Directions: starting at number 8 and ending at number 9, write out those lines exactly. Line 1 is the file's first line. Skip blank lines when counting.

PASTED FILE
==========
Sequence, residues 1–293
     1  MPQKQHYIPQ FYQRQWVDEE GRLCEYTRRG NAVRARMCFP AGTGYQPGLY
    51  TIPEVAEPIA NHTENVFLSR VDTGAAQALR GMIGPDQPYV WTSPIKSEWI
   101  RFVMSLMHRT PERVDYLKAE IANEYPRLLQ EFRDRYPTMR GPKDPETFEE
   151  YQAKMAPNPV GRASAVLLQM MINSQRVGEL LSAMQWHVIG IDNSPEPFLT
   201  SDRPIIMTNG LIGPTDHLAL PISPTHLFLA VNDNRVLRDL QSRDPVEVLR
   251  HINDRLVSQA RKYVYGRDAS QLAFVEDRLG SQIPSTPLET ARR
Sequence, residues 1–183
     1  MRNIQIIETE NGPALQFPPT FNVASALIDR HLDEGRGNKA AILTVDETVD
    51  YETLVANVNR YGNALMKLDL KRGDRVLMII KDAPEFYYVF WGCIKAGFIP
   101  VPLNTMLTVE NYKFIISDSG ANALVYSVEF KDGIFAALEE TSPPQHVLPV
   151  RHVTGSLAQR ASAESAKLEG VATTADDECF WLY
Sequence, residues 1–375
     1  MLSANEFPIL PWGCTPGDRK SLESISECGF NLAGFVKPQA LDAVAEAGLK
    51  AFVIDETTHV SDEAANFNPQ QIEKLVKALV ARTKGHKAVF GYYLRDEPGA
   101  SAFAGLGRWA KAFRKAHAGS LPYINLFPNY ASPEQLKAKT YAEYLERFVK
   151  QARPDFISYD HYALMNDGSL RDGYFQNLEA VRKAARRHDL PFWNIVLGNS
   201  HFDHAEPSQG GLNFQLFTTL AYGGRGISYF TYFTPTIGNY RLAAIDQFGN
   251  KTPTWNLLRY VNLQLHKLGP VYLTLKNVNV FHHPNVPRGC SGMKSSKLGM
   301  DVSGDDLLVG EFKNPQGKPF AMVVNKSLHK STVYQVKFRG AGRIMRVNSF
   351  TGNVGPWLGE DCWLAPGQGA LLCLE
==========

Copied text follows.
Sequence, residues 1–183
     1  MRNIQIIETE NGPALQFPPT FNVASALIDR HLDEGRGNKA AILTVDETVD